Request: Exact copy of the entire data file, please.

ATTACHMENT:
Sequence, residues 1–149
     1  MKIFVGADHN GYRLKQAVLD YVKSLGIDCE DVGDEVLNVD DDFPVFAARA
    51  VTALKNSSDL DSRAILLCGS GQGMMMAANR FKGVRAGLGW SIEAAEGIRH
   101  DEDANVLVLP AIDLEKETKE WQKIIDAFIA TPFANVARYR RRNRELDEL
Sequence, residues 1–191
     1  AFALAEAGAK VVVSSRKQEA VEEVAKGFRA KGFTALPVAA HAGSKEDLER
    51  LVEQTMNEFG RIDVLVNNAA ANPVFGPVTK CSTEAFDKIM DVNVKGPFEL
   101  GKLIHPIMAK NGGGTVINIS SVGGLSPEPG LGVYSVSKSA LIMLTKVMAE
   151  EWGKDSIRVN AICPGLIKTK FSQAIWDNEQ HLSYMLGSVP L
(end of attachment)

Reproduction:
Sequence, residues 1–149
     1  MKIFVGADHN GYRLKQAVLD YVKSLGIDCE DVGDEVLNVD DDFPVFAARA
    51  VTALKNSSDL DSRAILLCGS GQGMMMAANR FKGVRAGLGW SIEAAEGIRH
   101  DEDANVLVLP AIDLEKETKE WQKIIDAFIA TPFANVARYR RRNRELDEL
Sequence, residues 1–191
     1  AFALAEAGAK VVVSSRKQEA VEEVAKGFRA KGFTALPVAA HAGSKEDLER
    51  LVEQTMNEFG RIDVLVNNAA ANPVFGPVTK CSTEAFDKIM DVNVKGPFEL
   101  GKLIHPIMAK NGGGTVINIS SVGGLSPEPG LGVYSVSKSA LIMLTKVMAE
   151  EWGKDSIRVN AICPGLIKTK FSQAIWDNEQ HLSYMLGSVP L